Simultaneous sword swallowing and juggling

Candle wax bathing


Saturday, 28 July 2018

War rages on with HMRC

Henry Ward Beecher

The difference between perseverance and obstinacy is that one comes from a strong will, and the other from a strong won't.
-Henry Ward Beecher, American Clergyman

Occasionally I discuss an ongoing problem on the #psychologysaturday posts. My Working Tax Credits were stopped a good 18 months ago and since then I've been trying to find out why this is and what I should do about it. I've heard plenty of conflicting information, confused further by my inability to remember it all. This is due to the memory difficulties I have, which made me eligible for the benefits in the first place.


I've recently been working with a Welfare Rights officer called TJ, who has helped me to gain information from HMRC about my case. She requested a transcript of all the calls I made, and my mother made, to the department. I received some CDs containing recordings of the calls, and from this we've been able to hear what has been said in the numerous conversations.

I passed this over to TJ, who has listened to them. She has written a 1300-word complaint letter to HMRC. I'm not going to recite the whole thing, but it lists out all of the numerous mistakes HMRC have made, mainly being their complete inability to grasp that the short term memory difficulties a) made me eligible for DLA and hence eligible for WTC, and b) mean that I wouldn't have understood their procedures for DLA moving to PIP and how this affects WTC. The letter also asks for a back-dated reinstatement of WTC and compensation. It's a brilliant letter from someone who knows how to illustrate a problem and how to ask for what is needed- 2 things that, due to my difficulties, are way over my head.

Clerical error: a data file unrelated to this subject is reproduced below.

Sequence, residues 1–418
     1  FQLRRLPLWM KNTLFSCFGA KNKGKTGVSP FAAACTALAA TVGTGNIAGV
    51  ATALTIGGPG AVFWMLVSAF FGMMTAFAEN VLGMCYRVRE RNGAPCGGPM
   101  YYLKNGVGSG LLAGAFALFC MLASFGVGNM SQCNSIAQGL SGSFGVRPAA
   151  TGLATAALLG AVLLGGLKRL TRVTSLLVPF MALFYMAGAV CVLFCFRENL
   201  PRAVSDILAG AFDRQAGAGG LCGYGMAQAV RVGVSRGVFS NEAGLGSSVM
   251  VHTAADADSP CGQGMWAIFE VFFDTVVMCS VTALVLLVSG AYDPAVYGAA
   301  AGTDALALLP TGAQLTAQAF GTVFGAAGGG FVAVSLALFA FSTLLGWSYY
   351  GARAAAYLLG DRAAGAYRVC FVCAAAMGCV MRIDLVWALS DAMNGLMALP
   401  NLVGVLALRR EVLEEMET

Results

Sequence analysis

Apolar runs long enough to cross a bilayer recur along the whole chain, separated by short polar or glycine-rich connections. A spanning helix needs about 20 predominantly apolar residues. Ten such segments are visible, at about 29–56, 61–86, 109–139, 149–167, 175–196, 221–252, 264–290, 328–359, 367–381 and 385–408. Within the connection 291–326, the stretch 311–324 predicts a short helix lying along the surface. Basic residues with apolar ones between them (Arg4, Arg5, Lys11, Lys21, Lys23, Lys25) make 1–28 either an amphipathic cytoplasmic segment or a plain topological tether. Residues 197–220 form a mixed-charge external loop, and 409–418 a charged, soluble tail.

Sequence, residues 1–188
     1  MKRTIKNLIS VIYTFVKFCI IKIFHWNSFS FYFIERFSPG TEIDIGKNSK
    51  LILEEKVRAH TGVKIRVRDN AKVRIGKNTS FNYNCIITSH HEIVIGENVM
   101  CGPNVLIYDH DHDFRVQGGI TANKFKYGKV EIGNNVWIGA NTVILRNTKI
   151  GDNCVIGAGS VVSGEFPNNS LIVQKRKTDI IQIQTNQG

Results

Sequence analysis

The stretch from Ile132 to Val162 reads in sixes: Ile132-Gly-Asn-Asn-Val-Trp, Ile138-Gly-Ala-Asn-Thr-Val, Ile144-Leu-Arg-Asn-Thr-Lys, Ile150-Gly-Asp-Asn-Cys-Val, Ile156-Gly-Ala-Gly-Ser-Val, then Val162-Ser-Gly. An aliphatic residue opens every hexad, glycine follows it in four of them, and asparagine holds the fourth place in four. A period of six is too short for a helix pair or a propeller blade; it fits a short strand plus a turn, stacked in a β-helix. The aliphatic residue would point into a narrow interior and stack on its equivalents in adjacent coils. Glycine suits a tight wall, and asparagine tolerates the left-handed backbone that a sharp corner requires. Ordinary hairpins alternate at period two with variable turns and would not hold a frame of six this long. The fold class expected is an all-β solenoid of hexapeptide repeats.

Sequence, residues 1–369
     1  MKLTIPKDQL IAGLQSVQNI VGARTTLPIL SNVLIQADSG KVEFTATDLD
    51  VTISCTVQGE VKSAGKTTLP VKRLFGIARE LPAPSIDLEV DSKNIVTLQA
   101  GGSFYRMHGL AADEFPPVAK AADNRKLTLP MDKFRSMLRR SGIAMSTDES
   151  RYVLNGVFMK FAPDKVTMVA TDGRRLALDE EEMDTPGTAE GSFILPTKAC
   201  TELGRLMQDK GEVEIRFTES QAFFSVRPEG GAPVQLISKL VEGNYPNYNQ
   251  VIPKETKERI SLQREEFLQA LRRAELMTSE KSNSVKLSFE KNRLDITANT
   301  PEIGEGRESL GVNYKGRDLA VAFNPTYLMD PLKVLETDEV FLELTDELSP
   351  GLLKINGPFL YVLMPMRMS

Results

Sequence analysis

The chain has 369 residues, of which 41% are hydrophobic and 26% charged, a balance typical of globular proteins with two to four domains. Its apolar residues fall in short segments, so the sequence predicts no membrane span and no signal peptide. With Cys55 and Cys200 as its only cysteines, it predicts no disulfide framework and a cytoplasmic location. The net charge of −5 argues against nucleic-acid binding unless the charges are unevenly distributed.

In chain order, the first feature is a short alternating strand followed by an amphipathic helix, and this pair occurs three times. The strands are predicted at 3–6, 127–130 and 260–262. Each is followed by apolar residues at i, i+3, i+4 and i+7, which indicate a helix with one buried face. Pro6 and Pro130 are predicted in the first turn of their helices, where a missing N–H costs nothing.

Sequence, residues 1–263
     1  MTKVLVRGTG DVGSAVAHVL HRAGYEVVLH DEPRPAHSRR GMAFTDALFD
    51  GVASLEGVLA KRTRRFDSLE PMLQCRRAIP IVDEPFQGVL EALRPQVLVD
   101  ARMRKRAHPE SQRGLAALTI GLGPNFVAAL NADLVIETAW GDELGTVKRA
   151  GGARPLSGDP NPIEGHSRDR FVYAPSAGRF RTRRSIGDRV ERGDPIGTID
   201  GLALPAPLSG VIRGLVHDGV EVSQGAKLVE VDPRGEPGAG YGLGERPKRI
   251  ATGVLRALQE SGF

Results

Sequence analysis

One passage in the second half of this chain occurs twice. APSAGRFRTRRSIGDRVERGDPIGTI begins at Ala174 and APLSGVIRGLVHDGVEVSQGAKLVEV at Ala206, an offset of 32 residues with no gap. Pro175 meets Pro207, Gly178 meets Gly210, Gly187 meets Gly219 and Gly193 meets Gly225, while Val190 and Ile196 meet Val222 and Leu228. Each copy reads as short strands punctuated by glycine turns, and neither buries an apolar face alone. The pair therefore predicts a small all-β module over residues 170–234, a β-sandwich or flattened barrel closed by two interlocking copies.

Fingers crossed. It makes me think back to a few months ago when I met with a Welfare Rights officer at a different office in Oldham, who sent me out of the door empty handed suggesting I ask my employers for more hours. It shows that, like in many government departments, it's the luck of the draw as to whether you get someone who knows how to help you and puts in the effort to make things happen, or whether you get a jobsworth who puts in the minimum effort and sends you out with no further progress. And, I might add, completely misinforms you and advises you to look for more work.

But it's progress. It's a lot better.

Oh, also, I had mentioned that HMRC had sent my overpayment to a debt recovery company. I'd asked them to put the case on hold while Citizen's Advice looked into it, but more recently (after numerous extensions to the deadline) I recently mentioned to them that the overpayment was caused because of DLA and PIP, and being in receipt of them due to memory difficulties, which is a vulnerability on my part. Due to this, they weren't comfortable handling this case so threw it back to HMRC again. I haven't heard back about this overpayment from either the debt recovery company nor HMRC, so it's possible that this has been cancelled.